“I heard a great laugh, the greatest laugh in the world, and here came this rawhide oldtimer Nebraska farmer with a bunch of other boys into the diner; you could hear his raspy cries clear across the plains, across the whole gray world of them that day. Everybody else laughed with him. He didn't have a care in the world and had the hugest regard for everybody. I said to myself, Wham, listen to that man laugh. Thats the spirit of the West, here I am in the West.”
- Jack Kerouac, On The Road
Brett Tippie is a big guy.
His smile is huge.
His voice is enormous.
His laugh is monstrous.
And still somehow, his spirit is even greater.
That scene in Jack Kerouac’s novel, On The Road (well, minus the Nebraska Farmer part,)
has always reminded me of Tippie.
Because he moves through the world with spirit,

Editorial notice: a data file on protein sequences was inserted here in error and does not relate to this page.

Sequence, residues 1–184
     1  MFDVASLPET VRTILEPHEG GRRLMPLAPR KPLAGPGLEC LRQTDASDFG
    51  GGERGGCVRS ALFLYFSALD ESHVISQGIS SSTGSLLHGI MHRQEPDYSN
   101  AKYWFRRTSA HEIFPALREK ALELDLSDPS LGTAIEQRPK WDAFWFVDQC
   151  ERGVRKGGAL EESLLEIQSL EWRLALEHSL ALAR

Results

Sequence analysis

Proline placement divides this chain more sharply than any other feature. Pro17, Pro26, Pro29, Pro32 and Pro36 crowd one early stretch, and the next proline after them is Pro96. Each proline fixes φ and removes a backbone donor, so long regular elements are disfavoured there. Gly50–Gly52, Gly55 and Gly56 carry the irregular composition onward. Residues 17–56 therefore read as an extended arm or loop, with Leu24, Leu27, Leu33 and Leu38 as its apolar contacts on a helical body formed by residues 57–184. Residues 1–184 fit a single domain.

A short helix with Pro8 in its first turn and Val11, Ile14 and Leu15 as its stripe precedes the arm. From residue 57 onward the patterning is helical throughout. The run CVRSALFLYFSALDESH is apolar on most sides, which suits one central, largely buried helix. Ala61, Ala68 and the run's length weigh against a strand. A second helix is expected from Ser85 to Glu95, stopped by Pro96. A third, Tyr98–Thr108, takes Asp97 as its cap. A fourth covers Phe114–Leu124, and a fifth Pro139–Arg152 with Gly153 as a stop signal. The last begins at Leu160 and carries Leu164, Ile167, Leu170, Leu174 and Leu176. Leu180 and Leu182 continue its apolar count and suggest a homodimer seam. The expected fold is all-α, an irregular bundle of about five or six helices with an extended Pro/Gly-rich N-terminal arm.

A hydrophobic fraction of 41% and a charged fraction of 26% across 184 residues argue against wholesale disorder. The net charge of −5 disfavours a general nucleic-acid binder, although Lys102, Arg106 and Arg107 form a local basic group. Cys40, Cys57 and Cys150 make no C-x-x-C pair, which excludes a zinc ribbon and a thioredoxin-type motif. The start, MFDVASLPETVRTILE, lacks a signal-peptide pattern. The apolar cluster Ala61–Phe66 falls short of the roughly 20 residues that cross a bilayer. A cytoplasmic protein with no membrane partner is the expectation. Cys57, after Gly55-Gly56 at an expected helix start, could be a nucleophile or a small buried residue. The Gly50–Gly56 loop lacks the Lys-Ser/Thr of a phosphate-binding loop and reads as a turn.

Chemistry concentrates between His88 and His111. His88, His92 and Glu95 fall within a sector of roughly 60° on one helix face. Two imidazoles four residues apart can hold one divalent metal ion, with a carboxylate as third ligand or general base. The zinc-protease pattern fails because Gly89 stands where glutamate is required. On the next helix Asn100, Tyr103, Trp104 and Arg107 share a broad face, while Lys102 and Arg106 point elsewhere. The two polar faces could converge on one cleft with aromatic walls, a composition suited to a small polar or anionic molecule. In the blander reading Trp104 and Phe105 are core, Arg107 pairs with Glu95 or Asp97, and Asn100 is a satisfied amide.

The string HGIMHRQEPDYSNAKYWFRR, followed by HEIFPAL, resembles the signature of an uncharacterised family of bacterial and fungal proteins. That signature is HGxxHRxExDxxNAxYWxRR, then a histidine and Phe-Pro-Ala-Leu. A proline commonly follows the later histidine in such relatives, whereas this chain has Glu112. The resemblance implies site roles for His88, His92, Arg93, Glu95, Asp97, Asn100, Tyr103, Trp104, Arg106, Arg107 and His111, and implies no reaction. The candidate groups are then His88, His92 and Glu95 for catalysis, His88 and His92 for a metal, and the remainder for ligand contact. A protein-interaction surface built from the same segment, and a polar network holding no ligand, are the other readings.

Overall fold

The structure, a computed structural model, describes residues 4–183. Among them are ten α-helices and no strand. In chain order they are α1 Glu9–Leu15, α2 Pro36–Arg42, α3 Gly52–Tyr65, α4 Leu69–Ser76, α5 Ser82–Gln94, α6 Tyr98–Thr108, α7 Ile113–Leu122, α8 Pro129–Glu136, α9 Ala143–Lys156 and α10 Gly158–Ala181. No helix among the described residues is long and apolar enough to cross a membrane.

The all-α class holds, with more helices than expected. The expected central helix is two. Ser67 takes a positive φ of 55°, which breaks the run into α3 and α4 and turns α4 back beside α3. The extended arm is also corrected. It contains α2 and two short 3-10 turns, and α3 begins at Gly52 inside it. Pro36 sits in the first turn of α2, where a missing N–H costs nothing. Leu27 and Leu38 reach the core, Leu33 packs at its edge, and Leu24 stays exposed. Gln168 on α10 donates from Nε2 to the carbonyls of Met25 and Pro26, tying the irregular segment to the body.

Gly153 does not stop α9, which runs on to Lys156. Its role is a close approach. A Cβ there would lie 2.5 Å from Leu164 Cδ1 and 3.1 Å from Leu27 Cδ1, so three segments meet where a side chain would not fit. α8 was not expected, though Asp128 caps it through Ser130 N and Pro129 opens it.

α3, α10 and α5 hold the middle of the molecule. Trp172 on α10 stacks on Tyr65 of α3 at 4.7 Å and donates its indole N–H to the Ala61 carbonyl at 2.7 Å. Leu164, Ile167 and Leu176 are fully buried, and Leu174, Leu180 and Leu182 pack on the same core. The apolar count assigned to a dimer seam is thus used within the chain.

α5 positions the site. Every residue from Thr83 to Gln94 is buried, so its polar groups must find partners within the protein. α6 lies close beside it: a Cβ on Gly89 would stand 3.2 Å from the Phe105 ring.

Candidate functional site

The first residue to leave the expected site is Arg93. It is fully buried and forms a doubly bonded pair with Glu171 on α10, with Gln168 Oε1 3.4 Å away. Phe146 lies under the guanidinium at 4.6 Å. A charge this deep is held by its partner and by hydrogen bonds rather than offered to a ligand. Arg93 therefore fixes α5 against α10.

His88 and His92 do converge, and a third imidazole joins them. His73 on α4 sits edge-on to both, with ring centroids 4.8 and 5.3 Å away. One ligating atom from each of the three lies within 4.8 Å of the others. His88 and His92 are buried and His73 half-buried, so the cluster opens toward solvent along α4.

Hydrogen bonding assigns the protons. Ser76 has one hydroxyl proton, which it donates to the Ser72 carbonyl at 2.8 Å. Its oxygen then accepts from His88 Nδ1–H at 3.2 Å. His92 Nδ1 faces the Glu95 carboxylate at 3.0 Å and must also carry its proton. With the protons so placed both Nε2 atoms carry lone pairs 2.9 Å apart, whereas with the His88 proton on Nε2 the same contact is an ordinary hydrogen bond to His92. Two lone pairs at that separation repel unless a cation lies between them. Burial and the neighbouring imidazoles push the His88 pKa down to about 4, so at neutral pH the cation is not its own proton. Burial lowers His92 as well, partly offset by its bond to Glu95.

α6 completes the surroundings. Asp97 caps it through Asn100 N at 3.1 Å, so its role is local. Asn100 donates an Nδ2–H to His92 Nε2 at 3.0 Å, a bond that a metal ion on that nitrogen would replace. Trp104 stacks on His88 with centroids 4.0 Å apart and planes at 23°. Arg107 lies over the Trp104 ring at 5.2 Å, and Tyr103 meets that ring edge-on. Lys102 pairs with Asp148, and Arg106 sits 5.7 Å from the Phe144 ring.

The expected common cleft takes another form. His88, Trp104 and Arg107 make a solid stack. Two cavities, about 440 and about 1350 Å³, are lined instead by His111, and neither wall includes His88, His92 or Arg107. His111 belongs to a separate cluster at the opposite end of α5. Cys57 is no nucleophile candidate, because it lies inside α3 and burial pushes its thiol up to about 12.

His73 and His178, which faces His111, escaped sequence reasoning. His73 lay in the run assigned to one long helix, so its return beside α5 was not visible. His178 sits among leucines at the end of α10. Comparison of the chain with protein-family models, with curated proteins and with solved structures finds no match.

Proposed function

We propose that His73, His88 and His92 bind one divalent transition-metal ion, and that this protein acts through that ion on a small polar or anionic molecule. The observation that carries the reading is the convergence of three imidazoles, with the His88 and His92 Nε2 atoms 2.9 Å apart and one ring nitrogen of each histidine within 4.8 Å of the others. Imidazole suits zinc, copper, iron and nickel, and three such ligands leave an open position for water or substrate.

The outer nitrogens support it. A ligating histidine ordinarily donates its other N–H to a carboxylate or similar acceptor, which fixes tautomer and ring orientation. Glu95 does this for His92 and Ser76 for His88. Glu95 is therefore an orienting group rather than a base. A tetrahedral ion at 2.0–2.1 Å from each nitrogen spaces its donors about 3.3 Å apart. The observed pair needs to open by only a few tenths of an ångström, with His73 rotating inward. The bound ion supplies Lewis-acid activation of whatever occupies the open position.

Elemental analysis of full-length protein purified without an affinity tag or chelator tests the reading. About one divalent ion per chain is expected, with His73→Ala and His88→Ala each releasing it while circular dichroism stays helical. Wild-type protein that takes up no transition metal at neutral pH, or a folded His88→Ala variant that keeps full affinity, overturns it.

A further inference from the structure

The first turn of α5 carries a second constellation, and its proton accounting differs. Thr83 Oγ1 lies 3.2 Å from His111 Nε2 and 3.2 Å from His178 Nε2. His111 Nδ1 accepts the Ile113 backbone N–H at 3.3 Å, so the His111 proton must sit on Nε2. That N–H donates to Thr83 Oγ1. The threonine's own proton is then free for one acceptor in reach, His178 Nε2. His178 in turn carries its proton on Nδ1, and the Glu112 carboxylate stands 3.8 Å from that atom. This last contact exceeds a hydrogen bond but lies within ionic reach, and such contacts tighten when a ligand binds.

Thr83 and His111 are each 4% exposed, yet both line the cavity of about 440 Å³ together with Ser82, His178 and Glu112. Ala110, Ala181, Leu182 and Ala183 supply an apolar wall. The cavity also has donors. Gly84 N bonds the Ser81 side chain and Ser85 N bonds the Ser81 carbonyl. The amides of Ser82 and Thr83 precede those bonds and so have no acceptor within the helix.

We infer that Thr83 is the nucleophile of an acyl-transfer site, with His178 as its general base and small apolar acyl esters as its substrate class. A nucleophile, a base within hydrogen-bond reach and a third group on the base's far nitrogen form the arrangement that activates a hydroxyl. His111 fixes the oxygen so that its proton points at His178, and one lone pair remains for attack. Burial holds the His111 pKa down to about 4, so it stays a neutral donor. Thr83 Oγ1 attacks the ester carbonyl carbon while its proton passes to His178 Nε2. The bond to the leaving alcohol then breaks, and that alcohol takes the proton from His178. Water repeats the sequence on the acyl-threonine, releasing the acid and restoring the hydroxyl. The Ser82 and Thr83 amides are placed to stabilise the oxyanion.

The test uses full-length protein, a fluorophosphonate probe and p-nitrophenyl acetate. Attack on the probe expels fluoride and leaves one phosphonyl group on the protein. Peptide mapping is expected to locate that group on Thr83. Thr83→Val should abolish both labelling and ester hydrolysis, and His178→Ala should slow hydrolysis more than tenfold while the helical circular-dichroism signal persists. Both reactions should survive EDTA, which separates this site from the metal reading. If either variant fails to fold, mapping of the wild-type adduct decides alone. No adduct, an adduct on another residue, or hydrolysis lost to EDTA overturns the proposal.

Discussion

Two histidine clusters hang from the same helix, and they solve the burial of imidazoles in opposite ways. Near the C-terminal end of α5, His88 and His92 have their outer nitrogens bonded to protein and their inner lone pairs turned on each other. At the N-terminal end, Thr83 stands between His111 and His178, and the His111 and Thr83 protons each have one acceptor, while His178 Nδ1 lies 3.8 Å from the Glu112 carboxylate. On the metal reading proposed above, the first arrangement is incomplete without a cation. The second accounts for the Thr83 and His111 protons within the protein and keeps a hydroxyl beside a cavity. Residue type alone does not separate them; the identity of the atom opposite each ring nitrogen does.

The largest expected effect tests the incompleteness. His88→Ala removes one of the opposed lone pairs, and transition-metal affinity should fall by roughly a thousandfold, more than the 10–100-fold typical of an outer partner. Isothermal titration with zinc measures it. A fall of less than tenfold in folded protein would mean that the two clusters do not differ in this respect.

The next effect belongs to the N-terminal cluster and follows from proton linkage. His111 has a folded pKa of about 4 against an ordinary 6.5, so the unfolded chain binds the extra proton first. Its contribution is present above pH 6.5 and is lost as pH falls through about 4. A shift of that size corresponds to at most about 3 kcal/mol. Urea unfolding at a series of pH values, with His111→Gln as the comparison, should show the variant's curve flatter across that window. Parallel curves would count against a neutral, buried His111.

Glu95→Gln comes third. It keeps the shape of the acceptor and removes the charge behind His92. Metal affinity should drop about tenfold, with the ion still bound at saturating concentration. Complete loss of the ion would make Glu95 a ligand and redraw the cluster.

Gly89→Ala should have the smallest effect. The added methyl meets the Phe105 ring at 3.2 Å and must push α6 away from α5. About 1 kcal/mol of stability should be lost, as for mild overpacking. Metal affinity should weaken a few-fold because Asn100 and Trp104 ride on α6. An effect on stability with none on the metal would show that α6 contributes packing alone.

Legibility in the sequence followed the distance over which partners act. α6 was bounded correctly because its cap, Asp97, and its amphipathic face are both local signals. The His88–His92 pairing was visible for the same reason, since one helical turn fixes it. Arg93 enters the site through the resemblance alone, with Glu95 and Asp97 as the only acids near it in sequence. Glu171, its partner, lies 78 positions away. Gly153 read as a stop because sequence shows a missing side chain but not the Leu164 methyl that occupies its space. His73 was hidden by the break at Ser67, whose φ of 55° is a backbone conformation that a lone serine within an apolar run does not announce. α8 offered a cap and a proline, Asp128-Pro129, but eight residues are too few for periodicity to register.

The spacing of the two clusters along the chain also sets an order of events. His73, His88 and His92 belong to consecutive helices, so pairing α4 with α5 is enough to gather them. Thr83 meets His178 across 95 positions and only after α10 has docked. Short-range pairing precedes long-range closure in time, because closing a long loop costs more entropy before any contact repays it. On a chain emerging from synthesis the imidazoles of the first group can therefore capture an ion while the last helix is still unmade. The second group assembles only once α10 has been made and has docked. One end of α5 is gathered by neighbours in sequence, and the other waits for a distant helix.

a positive vibe,
buzzing so loud
and so bright,
everyone within reach feels the impact of his presence.
“It was the spirit of the West sitting right next to me. I wished i knew his whole raw life and what the hell he'd been doing all these years besides laughing and yelling like that.”
I’m fortunate to have been impacted by Tippie’s presence more times than I count, and in ways meaningful enough that I’ve learned a lot of his
‘whole raw life and what the hell he’d been doing all these years.’
And I’m truly thankful for everything you teach, random phone calls, Deep Cove frisbee sessions, and the vibe you bring to Summer Camp each year, Tip!
Tipp-ically (ha, get it?!)
when I’m hoping to capture someone’s portrait, I watch for their eyes to look at ease and let the rest of the frame melt away from that focal point.
But in this image, with his eyes closed, Tip just has a weightless kind of splendour about him that I can’t look away from.